After more diagnostics, he shook his head, however, and said “still not good – gotta go to the pole, back in 20 minutes” … I stayed downstairs, while 20 minutes turned into an hour. I saw his shadow in the window well and could hear his cleats going back and forth on the sidewalk. Finally, he emerged, redder in the face and through numb lips said “I couldn’t find anything wrong, but there is an outage – I’ll call it in as soon as my phone is unfrozen” whereupon he pointed to his personal phone and a work phone, similar in size, which were clapped together, their rubber edges frozen seemingly forever. He tried to pry them apart with all his might, and couldn’t, so I told him to stand under the ceiling heat register where his fingers and the phones could get unfrozen quickly.
He reported the outage and promised the problem would be repaired within two hours and I’d be back in business.
Well, that was good news and I shot back a wan smile, which was the best I could muster after the first day of “going bare”.
By Thursday night, there was still no internet. Another late-night call to the ISP who said to go unplug everything and she’d send a modem signal. Despite my protestations that I’d been there and done that already, I was told to “go back and do it again” … nothing.
She scheduled me for first thing Friday morning.
I parked myself, like a potted plant, near the phone at 7:45 a.m. My 8:00 a.m. to 10:00 a.m. window passed and no tech. I called – nothing had ever been scheduled. My blood began to boil, and it wasn’t just the furnace that was running non-stop as it was so cold outside.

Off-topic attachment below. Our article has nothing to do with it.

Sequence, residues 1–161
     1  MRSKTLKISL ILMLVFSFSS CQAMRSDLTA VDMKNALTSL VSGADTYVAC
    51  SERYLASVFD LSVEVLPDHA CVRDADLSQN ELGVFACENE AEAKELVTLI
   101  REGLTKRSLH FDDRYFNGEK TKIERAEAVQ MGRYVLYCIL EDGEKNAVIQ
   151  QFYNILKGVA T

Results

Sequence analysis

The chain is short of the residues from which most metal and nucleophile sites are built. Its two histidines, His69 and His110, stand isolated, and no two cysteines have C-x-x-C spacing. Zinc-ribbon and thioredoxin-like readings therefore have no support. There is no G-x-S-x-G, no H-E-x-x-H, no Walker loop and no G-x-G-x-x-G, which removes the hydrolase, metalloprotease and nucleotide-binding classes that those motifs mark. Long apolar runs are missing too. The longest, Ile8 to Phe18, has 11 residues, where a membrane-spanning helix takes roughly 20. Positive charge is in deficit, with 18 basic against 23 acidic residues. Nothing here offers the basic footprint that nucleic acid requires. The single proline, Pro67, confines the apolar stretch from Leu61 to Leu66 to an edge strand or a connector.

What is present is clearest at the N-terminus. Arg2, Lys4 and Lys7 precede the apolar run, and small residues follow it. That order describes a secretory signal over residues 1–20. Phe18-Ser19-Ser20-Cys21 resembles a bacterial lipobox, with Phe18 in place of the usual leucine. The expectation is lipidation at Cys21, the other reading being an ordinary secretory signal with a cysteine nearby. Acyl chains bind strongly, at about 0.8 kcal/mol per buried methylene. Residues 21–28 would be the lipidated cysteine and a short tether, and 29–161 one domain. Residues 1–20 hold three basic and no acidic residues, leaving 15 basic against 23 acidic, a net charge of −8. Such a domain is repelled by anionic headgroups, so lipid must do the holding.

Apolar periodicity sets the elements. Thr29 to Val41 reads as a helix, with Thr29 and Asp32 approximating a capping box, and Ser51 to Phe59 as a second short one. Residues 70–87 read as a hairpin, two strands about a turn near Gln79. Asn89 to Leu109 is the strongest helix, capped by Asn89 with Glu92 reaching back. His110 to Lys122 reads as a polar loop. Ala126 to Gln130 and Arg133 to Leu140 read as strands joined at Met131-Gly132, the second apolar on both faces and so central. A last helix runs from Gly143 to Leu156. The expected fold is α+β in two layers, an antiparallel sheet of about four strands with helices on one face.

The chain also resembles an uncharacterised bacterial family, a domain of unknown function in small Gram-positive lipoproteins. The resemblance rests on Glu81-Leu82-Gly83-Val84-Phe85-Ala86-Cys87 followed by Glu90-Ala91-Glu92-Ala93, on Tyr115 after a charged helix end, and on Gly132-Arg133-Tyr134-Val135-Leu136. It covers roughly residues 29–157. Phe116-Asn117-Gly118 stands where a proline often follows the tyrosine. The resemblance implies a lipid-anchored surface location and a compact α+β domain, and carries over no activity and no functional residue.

At that point, I abandoned all ladylike mannerisms I’d every possessed and told my ISP that I had an assignment to get done and could wait no longer.
I was told Saturday morning was the next availability for a service call and that infuriated me. I called around, garnering alot of chatter and promises and the runaround for the next few hours. I made and received at least 20 calls over the course of the day Friday. I documented each person’s name that I spoke to and was mentally categorizing them into “very helpful”, “helpful” and “not so helpful” and I was starting to feel like Jack Lemmon’s character, George Kellerman, in “The Out of Towners”.
My second tech arrived at 5:30 p.m. He had to scramble underneath the dropped ceiling to find the wires, went back outside and examined the outside wires, then popped his head in the door and announced “going out to the pole – don’t know when I’ll be back”, so this time I headed back upstairs. Before the ordeal was over, he discovered there was a software glitch on the pole. He summoned a computer tech who turned on a floodlight as darkness had settled in. He was hoisted up in the bucket and fixed the problem in a matter of minutes.
Finally … I was back online, but only to be overwhelmed with a slew of work e-mails from my boss that had accrued while I was whiling away the hours in the pre-World Wide Web days. Can we live without the internet? I dunno, but on those days when there are big-time computer hiccups, I know I am willing to go back to the quill pen.